Linked by snydeq on Wed 6th Jan 2010 20:08 UTC
Google InfoWorld's Galen Gruman writes that the main potential game-changing attribute of the Nexus One - that Google is selling the device direct - does nothing to move the industry past carrier lock-in. "At first, I wanted to credit Google for making a tentative step in the direction of smartphone freedom. But that step is so tentative and ineffectual that frankly I think it's a cynical fig leaf covering the usual practices," Gruman writes. At issue is a political battle regarding walled gardens in the U.S. cellular market, a fight that will take years to result in any true consumer freedom. "The only way we'll ever get the ability to choose a smartphone and carrier independently is for the platform providers that count - Apple, Google, and RIM - to first develop only multiband 'world' smartphones and then refuse to sell their devices (or in Google's case, use its Android license to forbid the sale of devices) to carriers that block or interfere with device portability."
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RE: Actually you're missing it!
by kaiwai on Thu 7th Jan 2010 00:15 UTC in reply to "Actually you're missing it!"
kaiwai
Member since:
2005-07-06

Google has no interest in addressing the current cellphone carrier strategy of the dark ages as Apple did. Go read up on something called "Whitespaces" and maybe you will see the light. The US is one of the most antiquated communications environments in the world. Google is way ahead of bothering with that. This is NOT an iPhone killer even though it may end up looking like one. Go fish!


Agreed! I always thought New Zealand was backwards and antiquated but Jesus H Christ - come on, a country with 2 times the GDP per capita of New Zealand and has a mobile phone network of a third world country. Hell, I'm sure there are third world countries who look at the American mobile phone network and can't help but laugh until their sides hurt.

What is even more pathetic is this idea that both the sender AND the receiver are charged for calls and text messages- what the f*ck is up with that? who the hell started such a stupid screwed up system like that? If I ever did move to the US the one thing I wouldn't be getting is a mobile phone if I am forced to pay for every jack ass who sends me a text message or rings me up! its as pathetic as in Australia where one pays something like a 17cent charge everyone one makes a local call!

Reply Parent Score: 3

Soulbender Member since:
2005-08-18

and has a mobile phone network of a third world country.


Now, that is just not true. Most third world countries have more advanced and more free mobile networks than the U.S.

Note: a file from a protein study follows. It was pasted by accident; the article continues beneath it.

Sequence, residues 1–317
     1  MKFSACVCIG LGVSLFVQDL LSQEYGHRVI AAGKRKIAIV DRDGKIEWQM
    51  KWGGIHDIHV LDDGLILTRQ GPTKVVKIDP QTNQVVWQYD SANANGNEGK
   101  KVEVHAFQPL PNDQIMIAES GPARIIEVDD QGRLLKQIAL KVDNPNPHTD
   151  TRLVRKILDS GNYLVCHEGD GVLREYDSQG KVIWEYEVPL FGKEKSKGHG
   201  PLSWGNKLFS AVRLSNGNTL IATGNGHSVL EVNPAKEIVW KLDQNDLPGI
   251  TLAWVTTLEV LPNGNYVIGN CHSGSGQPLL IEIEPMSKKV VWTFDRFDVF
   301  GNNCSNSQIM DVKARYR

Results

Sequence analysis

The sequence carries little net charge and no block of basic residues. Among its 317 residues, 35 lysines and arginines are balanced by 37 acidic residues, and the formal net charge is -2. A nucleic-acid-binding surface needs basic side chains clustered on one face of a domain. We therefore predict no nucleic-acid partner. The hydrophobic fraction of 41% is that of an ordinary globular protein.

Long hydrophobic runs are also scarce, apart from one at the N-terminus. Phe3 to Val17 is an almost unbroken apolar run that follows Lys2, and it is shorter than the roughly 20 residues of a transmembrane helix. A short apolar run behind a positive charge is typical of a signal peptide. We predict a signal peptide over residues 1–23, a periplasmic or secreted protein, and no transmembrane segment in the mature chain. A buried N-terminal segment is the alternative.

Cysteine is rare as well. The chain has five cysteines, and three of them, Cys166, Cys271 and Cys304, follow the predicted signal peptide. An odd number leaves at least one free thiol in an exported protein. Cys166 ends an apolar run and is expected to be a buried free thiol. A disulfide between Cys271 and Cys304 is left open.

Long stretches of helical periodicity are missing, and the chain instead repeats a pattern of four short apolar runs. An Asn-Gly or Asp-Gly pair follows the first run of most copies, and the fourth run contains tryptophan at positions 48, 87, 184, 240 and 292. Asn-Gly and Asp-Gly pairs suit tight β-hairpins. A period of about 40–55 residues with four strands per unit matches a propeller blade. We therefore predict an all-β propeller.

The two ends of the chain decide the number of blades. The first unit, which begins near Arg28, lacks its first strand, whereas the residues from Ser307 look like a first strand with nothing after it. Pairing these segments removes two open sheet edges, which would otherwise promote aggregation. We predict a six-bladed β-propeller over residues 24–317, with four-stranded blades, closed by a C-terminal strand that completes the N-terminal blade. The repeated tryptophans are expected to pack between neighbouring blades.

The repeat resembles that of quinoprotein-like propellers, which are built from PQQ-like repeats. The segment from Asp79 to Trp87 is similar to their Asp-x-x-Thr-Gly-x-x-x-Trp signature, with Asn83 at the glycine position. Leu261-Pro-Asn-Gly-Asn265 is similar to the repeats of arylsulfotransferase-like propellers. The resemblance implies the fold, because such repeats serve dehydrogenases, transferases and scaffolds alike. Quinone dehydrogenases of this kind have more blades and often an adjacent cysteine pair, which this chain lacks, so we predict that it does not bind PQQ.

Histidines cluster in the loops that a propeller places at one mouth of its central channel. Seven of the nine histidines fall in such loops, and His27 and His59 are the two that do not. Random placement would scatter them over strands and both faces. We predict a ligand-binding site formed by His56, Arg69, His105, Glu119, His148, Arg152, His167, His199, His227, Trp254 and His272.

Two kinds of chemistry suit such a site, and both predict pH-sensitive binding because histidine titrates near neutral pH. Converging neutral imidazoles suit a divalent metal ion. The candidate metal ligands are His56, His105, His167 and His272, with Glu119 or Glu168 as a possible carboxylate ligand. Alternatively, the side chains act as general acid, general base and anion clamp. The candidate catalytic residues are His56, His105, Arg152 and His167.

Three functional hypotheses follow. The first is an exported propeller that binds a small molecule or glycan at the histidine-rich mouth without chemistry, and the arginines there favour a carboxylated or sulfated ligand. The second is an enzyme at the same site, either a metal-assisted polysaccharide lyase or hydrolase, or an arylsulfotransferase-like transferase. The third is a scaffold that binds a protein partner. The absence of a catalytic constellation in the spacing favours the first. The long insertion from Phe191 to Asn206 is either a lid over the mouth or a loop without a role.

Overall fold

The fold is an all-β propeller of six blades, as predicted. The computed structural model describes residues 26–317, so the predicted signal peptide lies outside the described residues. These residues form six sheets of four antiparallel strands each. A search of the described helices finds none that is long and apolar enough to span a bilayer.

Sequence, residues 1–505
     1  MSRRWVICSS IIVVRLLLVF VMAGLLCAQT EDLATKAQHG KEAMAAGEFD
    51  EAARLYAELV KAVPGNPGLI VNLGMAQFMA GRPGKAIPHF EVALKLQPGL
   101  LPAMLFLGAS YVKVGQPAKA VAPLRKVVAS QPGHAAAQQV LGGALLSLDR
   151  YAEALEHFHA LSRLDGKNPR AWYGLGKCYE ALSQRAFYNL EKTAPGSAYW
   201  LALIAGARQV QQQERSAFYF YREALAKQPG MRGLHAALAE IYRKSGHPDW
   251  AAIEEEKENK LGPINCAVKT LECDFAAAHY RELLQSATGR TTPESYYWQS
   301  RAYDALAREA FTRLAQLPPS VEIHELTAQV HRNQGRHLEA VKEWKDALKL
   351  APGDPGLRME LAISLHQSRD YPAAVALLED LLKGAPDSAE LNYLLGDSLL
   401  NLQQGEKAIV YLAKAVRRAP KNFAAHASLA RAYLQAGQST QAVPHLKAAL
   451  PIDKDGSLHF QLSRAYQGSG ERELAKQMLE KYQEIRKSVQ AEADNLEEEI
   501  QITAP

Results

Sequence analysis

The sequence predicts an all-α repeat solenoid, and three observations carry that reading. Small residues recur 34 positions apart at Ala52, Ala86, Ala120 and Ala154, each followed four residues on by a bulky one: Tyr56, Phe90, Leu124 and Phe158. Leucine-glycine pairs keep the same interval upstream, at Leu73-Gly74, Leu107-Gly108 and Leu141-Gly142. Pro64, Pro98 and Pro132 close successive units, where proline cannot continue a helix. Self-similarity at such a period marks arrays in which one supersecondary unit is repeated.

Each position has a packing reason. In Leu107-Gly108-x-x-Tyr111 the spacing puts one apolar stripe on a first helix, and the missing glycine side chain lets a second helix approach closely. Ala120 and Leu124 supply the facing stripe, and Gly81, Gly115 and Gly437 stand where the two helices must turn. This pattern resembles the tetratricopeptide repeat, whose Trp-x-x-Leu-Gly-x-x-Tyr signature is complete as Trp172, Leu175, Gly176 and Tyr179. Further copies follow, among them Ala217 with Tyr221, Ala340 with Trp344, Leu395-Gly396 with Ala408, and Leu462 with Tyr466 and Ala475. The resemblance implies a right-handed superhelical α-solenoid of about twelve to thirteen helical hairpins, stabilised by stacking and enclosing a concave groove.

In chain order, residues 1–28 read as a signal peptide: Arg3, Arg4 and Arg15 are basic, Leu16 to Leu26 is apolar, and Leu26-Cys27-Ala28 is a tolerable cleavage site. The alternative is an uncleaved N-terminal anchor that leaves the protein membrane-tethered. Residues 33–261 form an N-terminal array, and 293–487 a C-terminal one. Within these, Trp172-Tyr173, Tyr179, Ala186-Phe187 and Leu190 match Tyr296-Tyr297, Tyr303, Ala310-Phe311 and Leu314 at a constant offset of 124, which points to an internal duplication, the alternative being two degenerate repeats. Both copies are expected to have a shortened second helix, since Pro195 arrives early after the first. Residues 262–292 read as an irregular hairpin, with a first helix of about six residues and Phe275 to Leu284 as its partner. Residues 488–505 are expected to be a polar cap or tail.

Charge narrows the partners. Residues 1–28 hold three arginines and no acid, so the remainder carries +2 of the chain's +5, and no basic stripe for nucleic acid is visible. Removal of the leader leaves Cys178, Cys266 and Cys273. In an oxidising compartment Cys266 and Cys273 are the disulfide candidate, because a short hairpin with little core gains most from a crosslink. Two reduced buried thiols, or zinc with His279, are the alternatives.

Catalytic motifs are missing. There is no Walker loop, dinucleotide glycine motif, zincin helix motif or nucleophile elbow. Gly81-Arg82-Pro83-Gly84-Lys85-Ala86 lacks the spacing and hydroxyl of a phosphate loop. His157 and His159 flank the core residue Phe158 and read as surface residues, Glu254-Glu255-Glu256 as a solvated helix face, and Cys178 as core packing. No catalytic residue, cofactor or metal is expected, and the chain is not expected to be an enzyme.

What is even more pathetic is this idea that both the sender AND the receiver are charged for calls and text messages- what the f*ck is up with that?


Hold on, wait. Rewind a bit.
BOTH get charged? So if someone I don't like send my hundreds of messages I get to pay? For fscking real?
Surely you must be making that up cuz I find it astonishing that something that retarded could ever be put into practice.

Reply Parent Score: 2

Drumhellar Member since:
2005-07-12

BOTH get charged? So if someone I don't like send my hundreds of messages I get to pay? For fscking real?
Surely you must be making that up cuz I find it astonishing that something that retarded could ever be put into practice.


Depends your carrier and your plan, but, yeah, that happens.

Reply Parent Score: 3

nt_jerkface Member since:
2009-08-26

who the hell started such a stupid screwed up system like that? If I ever did move to the US the one thing I wouldn't be getting is a mobile phone if I am forced to pay for every jack ass who sends me a text message or rings me up!


The system comes from ye old cellular network in the 80's when wireless data transmission was very expensive so they charged whenever the cell was in use.

The US system has been more of an innovative wild west while other countries have been able to design their systems around our experiences.

You only get screwed if you have a plan that isn't designed around your habits. For example send a thousand texts without getting the $5 a month unlimited texting.

As a percentage of living costs the cell phone bill isn't much. Most of the day labor Mexicans have cell phones.

Reply Parent Score: 1

arpan Member since:
2006-07-30

Yeah, but what if that other guys gets the unlimited text messaging and sends you a thousand texts.

Reply Parent Score: 1

jabbotts Member since:
2007-09-06

Text is bad.. data is even worse. Exactly what justifies $2.00 per meg of transfer? Don't pay 40$ a month for the data plan and your 50 meg of iPhone usage will be a 100$ extra on next month's bill.. and that's if your lucky enough to notice that it's using the cell towers instead of local wifi as desired.

Let's all say it together:

"What the market - because alone, none of us is as stupid as we are together - will bare."

(what ever happened to fair markup.)

Reply Parent Score: 2

erak Member since:
2006-09-24

The US system has been more of an innovative wild west while other countries have been able to design their systems around our experiences.

Any sources on that?

AFAIK, the most widely spread standard, GSM, was developed in Europe. And 3G was first used in Japan.

Reply Parent Score: 1